Tag Archives: US Constitution

Supreme Thoughts

Supreme: 1) Highest in rank or authority; 2) Highest in degree or quality; 3) ultimate or final
–  Merriam-Webster

I recently read a fun and interesting article by Jonah Goldberg.  (Yes, I know – that Jonah Goldberg – please don’t roll your eyes and give up on me). At once randy and riveting – sending insults in many directions –  he does cite and make some interesting points.

After starting out on the topic of the weird magic of orbs, he quotes an Annandale Public Policy survey that determined 75% of American adults cannot identify all three branches of government. (Yes, I know – shocking).  And more than one-third of Americans cannot name a single right conferred by The Bill of Rights.  (As my wife and I say at this point: “And they vote.”)

Trump touches “The Orb” in Riyyad, Saudi Arabia, with Saudi King Salman and Egyptian President al-Sissi.

It’s a good enough starting point for me, but I’ll go off into theory and conspiracy-land instead of slinging poison-dart words.

The US Constitution’s first three Articles deal with the three branches of government.  Article I – The Congress; Article II – The Executive Branch; Article III – The Judicial.

Digging into Article III, it is interesting to note that the Constitution does not – I repeat: the Constitution does NOT – set the number of Supreme Court Justices.

Seal of the Supreme Court of the United States

In fact, the number we have come to know and grow accustomed to – specifically, nine – has not always been the total number. The number is set by acts of Congress. And can be modified by acts of Congress.

When the Supremes first sat, in 1790, the odd number was six. [1].  Why is six odd? It is not, generally speaking, a good idea to have an even number of people deciding things.  Ties can result, and in the Supreme Court, ties lead to no action at all.  Whatever was law before is law after.

In 1807 they judiciously raised the number to seven.  In 1837 it was raised to our familiar nine (perhaps some sort of north-south compromise … I’ll have to look into it).  Oddly, in 1863 it was raised to an even ten.  [At this time the South had virtually no representation in Congress, they bolted to their own government, and it was pretty clear that the North would probably win the war. Not sure if that’s why a seat was added.]

Finally, in a fuss over President Andrew Johnson (Lincoln’s successor … remember, he was impeached and avoided getting removed from office by a single vote), the number was reduced back to seven.  This precluded Johnson, a Tennessee southerner, from appointing any judges.

Then in 1869, with Johnson out and Grant in office, the number was raised back to nine – I suppose to re-enforce the government position on Reconstruction. Or to spite Johnson.

And there, at a total of nine, is where the number of justices has remained for nearly 150 years.

The Supreme Court has had its own building, shown here, since 1935.

Upshot #1 is that Roosevelt’s plan to “pack the court” was not the least bit unconstitutional; although it did represent the sort of power grab that was a hallmark of the his presidency.  Roosevelt believed in “go big, or go home”; he attempted to jack up the number to fifteen, thus giving himself a slam dunk on any issue before the court. Probably no other president did more to establish the tradition of a very powerful executive branch.  [After Obama, and, especially, now Trump, it looks like people in both parties have recognized this danger].

Upshot #2 is a wild long-shot prediction – or perhaps observation of the possibility – that something supremely weird could happen, most likely in 2021: Expansion of the court to 11 members, or more.

My thought process. The backlash against the Republicans for painting themselves into a corner: first with Trump, and then with Moore. These will yoke their general popularity numbers in the ditch for years – and will almost surely result in Congressional seat losses in 2018.  Even popular presidents lose seats in off-year elections (see Obama in 2010).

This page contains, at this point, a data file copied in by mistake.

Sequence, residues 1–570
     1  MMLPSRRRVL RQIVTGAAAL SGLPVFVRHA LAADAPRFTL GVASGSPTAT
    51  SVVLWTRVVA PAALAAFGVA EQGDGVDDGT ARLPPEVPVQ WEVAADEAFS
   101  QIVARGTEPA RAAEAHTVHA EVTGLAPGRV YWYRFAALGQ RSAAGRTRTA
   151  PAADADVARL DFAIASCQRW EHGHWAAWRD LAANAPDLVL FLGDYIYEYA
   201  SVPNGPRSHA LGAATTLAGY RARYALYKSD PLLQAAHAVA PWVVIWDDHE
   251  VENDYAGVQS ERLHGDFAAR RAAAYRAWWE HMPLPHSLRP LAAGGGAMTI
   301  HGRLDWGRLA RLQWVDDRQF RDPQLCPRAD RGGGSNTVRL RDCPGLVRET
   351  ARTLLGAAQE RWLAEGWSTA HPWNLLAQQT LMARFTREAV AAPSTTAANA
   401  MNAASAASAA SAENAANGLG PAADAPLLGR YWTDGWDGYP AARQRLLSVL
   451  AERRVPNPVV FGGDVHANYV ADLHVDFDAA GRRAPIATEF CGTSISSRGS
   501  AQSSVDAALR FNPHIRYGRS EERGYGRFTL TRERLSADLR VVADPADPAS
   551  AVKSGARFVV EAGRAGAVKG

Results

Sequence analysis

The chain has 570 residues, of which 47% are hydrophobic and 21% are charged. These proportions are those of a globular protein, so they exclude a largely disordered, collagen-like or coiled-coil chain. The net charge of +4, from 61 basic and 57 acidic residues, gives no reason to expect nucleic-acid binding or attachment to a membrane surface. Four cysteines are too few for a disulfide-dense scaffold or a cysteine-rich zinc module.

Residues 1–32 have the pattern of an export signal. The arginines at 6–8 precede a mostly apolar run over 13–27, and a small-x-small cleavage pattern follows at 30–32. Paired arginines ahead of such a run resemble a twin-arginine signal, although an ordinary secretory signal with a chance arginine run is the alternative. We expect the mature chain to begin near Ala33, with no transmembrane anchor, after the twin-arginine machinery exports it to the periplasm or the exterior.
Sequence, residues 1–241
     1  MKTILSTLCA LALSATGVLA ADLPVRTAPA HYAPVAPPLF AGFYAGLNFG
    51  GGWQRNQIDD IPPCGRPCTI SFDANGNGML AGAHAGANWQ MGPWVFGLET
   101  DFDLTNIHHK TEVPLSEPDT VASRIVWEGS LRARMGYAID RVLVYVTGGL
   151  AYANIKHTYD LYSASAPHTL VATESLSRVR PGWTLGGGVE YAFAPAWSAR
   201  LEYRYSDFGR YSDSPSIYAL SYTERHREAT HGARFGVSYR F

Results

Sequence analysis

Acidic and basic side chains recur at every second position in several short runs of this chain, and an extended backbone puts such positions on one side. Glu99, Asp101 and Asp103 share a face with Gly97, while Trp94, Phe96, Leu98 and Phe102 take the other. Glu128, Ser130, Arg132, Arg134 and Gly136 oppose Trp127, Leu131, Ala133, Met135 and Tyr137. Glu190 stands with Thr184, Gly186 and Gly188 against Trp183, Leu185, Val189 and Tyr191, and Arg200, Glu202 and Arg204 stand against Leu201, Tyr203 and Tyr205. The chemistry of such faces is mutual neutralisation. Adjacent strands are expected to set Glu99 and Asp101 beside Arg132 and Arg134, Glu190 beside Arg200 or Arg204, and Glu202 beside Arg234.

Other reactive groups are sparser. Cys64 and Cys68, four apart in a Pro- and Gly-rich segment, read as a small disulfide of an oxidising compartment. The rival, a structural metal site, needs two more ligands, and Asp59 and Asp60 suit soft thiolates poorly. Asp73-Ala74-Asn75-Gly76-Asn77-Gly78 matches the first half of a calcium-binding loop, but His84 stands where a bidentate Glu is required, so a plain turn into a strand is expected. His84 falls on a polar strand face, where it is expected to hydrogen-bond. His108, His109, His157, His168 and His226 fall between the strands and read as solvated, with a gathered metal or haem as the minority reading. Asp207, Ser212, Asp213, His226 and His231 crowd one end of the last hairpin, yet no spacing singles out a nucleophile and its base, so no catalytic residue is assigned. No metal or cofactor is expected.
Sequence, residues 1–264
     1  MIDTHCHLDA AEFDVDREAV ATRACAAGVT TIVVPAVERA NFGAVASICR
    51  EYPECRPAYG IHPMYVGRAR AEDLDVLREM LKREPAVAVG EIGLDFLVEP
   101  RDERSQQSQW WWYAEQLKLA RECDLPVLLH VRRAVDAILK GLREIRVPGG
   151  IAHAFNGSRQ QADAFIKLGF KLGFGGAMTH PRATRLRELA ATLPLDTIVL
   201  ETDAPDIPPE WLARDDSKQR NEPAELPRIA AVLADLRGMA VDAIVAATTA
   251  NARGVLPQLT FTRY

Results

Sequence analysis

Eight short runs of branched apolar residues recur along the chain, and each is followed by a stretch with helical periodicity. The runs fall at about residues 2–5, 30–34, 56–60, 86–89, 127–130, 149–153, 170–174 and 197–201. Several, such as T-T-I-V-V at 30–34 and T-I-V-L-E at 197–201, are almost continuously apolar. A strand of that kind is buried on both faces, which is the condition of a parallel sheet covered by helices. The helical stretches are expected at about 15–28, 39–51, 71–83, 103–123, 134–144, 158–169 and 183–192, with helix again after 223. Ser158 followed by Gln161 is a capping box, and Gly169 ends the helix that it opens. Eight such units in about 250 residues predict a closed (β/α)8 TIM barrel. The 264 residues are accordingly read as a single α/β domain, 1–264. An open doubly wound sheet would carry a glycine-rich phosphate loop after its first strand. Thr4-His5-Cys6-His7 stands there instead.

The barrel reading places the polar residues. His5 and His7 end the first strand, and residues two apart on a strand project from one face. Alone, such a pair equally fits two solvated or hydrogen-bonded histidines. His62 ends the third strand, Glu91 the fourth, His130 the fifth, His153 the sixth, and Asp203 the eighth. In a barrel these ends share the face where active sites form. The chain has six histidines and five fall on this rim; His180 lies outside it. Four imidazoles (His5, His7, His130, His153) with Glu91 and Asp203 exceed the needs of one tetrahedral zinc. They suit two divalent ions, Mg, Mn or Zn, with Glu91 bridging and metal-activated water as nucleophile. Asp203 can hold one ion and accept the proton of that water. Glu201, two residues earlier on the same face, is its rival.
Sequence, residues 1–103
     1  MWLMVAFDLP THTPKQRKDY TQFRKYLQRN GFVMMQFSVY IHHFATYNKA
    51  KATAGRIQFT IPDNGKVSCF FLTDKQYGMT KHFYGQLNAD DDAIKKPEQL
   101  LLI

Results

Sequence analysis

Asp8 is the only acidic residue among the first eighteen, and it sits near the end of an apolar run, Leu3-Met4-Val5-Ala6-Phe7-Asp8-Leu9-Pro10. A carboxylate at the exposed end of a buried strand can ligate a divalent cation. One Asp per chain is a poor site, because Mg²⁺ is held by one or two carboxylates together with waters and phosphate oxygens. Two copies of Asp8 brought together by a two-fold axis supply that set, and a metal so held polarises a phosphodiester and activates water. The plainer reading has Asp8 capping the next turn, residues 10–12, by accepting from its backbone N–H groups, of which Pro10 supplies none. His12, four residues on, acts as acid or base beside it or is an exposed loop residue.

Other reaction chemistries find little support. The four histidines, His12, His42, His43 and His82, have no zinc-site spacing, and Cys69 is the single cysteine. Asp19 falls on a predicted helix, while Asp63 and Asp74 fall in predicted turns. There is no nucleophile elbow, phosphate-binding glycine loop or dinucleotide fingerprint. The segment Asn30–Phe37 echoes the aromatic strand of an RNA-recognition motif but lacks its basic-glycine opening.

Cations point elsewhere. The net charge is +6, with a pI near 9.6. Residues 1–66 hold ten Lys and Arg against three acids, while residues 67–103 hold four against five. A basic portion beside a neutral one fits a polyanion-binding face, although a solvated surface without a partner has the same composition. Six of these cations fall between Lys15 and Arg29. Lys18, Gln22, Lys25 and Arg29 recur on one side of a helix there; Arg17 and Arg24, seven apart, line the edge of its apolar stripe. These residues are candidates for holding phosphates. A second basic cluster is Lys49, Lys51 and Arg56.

Unless the Reps can bump Trump and field a Knight (or Dame [2]) in shining armor for 2020 – or the Dems run another truly “horrible” candidate, as in 2016 – there is a good chance the Dems will hold the Whitehouse and both branches of congress come 2021.

Here’s where current events come into play.

  • The Senate has gone “nuclear”. That means the good old days of needing 60% and plenty of compromise to get anything passed (used to be two-thirds) are basically gone.  No one plays nice anymore.  Could blame Harry Reid, but there’s not enough mud or ink for all the villains.  Now it takes only 50-50 (if you have the Whitehouse … the VP casts tie-breaking votes in the Senate).

[The lower house of Representatives has always been designed to go fast: only a simple majority has ever been required … except to commence the Amendment process]

  • Some Supremes are destined to retire, or pass away, soon. So, look for good odds that Trump will get to appoint at least one more judge, securing the Right’s slight advantage (currently approx. 5-4, even noting that Kennedy and – in a few cases – Roberts have swung left a few times).
  • Anthony Kennedy is 82. Although the left sees him as a hateful ideological enemy, he sides with them frequently and is always the “swing” vote in closely decided 5-4 cases.  He probably isn’t sure about Trump (who is?), and, as a relative moderate among right and left sharks, might be hanging on to see what happens in 2020.
  • Even older is Ruth Bader Ginsberg. She is 85 years old and looks 105; her energy is visibly dwindling to all court observers.  A true Progressive/Leftist believer, she is surely hanging on, hoping that Dems win the Whitehouse in 2020.  But she could pass any day, and no one would be surprised.
  • Steven Breyer, at 79-1/2 could keel over too.

If Trump gets to appoint even one more judge, look for the Left and Dems to get super energized. Even more than the hornet’s nest we are observing now. Why? This could “lock in” a perceived rightward slant for at least another decade (even though this court did uphold “Obamacare”, AKA The Affordable Care Act, and Same Sex Marriage rights).

They will seek to overturn any perceived disadvantage by adding at least two seats to the court.

That’s my Far-Out-From-the Center-Field-Peanut-Gallery prediction for now.  Call me out on it in a few years if the Dems take the elections in 2018 and 2020.

Well, the future beckons.  Let’s be careful servants out there!

Cheers and best wishes for 2018.

Joe Girard © 2018

 

[1] Actually the number was five, although Congress set the number at six.  The sixth justice was not confirmed by the Senate until a few months later.